Should Christians participate in Halloween?
Should Christians support sporting events, attend plays, or movies?
Should Christian parents encourage kids to play city/club sponsored team sports?
The questions above, or some form of these questions, have been asked by Christians for centuries. Of course, the details are different, but the sentiment is the same. What is the relationship between our Christian faith and our culture? Different Christians leaders have supplied different answers.
As we approach holiday seasons (Halloween, Thanksgiving, Christmas, New Year), I thought I would take a few minutes to to give you some handles for thinking through these issues and view these opportunities from a missionary perspective.
Here are a couple bits of advice.
1. Reject the notion that everything cultural is terrible.
When we feel maligned and belittled, it is tempting to define faithfulness as huddling in a corner with likeminded believers and lobbing criticism at those who are different. This may make us feel safe, but it also makes us skeptical of anyone who does not believe and behave exactly like us.
2. Reject the notion that everything in culture is good and can be redeemed.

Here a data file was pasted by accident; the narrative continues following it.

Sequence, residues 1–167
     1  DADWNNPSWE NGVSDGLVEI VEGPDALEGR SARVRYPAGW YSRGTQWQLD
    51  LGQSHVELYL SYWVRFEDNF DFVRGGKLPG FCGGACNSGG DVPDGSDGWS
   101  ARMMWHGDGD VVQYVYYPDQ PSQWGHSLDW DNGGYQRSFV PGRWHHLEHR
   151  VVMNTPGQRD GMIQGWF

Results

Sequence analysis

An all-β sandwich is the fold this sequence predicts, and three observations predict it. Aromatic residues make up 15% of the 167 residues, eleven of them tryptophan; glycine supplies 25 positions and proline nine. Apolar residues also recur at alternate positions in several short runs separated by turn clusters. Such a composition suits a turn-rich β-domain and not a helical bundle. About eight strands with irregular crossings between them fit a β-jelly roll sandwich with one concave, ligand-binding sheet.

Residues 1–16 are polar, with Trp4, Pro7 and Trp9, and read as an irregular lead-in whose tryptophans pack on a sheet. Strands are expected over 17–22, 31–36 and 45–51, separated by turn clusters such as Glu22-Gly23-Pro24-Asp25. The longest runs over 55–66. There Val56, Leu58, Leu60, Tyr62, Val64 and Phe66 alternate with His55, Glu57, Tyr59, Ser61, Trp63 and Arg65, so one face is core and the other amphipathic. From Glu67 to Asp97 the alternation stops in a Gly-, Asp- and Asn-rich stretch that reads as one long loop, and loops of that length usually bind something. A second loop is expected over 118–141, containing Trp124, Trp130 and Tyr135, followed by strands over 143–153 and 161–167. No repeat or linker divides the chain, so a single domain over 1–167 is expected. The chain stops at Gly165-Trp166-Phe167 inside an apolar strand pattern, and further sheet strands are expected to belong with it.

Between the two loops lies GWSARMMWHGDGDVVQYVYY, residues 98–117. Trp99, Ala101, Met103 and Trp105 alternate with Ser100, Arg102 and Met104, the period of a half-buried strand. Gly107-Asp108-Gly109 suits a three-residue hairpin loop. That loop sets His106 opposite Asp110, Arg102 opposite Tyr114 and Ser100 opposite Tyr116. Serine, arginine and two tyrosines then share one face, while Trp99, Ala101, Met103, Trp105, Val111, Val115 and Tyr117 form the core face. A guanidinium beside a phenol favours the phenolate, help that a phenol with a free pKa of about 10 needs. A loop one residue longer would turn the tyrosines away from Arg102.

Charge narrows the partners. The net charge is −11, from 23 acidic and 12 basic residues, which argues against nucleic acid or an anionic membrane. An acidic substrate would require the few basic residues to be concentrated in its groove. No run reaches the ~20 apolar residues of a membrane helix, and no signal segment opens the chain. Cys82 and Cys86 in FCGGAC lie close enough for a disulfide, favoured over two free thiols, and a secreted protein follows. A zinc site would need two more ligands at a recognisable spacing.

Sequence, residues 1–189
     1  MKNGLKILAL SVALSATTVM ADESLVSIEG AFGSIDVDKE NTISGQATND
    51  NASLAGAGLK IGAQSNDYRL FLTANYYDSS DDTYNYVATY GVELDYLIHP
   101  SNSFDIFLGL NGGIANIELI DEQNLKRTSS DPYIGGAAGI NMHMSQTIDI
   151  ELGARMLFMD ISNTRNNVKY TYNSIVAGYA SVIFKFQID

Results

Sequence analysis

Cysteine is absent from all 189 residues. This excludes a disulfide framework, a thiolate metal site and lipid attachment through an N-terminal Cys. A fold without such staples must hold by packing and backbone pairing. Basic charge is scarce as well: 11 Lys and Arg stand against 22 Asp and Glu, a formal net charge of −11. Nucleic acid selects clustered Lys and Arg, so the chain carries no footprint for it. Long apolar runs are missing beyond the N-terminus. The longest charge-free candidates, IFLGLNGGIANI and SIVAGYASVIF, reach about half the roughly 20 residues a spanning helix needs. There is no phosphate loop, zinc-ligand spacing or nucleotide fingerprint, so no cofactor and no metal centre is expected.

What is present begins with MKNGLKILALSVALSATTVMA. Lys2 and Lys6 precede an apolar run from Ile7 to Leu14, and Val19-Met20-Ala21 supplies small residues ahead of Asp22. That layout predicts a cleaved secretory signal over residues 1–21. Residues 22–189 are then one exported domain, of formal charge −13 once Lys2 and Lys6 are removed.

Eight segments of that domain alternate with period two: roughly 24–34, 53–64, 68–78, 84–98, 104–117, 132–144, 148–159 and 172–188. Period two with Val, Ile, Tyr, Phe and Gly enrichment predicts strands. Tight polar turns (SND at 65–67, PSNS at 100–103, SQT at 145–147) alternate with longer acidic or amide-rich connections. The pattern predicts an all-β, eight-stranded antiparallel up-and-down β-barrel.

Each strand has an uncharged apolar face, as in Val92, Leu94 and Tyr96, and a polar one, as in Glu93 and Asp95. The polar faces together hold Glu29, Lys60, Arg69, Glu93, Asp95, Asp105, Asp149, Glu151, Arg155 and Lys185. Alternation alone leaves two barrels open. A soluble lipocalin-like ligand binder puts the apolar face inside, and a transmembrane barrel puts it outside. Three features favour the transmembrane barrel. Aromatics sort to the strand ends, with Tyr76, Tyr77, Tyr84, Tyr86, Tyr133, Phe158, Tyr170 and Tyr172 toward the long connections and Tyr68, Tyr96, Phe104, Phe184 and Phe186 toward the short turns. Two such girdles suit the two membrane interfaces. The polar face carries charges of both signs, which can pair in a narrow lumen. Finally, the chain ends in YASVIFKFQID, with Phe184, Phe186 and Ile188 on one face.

Christ is not the hero of our or any culture. There are elements of our culture that Christians should avoid because of our love for God and fellow human beings. Living in this world requires us to know when to say “ok” and when to say, “nope.”
3. Reject the notion that we should Christianize, or create Christian alternatives, for elements of our culture.
God has not called us to make every element of this, or any culture, Christian. Some aspects of culture are acceptable just as they are. They are, for all intents and purposes, neutral and can be enjoyed or ignored. We don’t do God, our churches, our families, or our reputation, any favors by creating alternatives to every “secular” event.
Rather than being a cultural naysayer, cultural glut, or cultural imitator, I suggest that Christians maximize cultural elements to extend the ministry of Christ. Consider these questions. . .
1. Is it possible to share a witness for Christ to the lost through this event, holiday, or activity?
2. Is it possible to encourage someone who is hurting, lonely, or neglected by including them in my celebrations?
3. Is it possible to equip less mature believers through these activities?
4. Is it possible to show the beauty of the Christian message by engaging with those who participate?
5. Is it possible to enjoy God’s good world and enjoy friendship with other people in a Christ-honoring way?
Our calendar and the events of our lives do not catch God by surprise. Let’s seek ways to join Him in His work in this world for His glory.
If you are interested, here is another post I wrote for Southeastern Seminary about this topic How Our Calendar Helps with Evangelism